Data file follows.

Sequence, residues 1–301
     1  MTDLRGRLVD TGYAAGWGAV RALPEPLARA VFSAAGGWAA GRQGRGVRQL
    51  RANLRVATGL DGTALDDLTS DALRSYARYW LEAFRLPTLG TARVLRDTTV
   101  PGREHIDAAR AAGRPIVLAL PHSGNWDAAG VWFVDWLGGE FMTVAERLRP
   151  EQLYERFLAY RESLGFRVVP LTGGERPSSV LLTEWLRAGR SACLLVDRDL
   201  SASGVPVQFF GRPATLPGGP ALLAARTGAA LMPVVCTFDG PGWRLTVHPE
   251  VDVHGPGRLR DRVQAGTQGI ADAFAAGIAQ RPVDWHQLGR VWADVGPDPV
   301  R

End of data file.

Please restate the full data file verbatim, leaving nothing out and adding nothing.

Sequence, residues 1–301
     1  MTDLRGRLVD TGYAAGWGAV RALPEPLARA VFSAAGGWAA GRQGRGVRQL
    51  RANLRVATGL DGTALDDLTS DALRSYARYW LEAFRLPTLG TARVLRDTTV
   101  PGREHIDAAR AAGRPIVLAL PHSGNWDAAG VWFVDWLGGE FMTVAERLRP
   151  EQLYERFLAY RESLGFRVVP LTGGERPSSV LLTEWLRAGR SACLLVDRDL
   201  SASGVPVQFF GRPATLPGGP ALLAARTGAA LMPVVCTFDG PGWRLTVHPE
   251  VDVHGPGRLR DRVQAGTQGI ADAFAAGIAQ RPVDWHQLGR VWADVGPDPV
   301  R